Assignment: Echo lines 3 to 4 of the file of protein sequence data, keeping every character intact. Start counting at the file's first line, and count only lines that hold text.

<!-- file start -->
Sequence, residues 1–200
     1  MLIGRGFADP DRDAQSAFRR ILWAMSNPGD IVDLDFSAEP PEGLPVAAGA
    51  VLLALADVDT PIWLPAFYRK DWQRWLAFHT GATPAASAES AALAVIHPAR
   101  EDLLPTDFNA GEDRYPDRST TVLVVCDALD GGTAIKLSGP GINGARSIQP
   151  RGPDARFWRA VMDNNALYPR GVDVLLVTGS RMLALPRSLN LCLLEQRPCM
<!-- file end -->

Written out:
    51  VLLALADVDT PIWLPAFYRK DWQRWLAFHT GATPAASAES AALAVIHPAR
   101  EDLLPTDFNA GEDRYPDRST TVLVVCDALD GGTAIKLSGP GINGARSIQP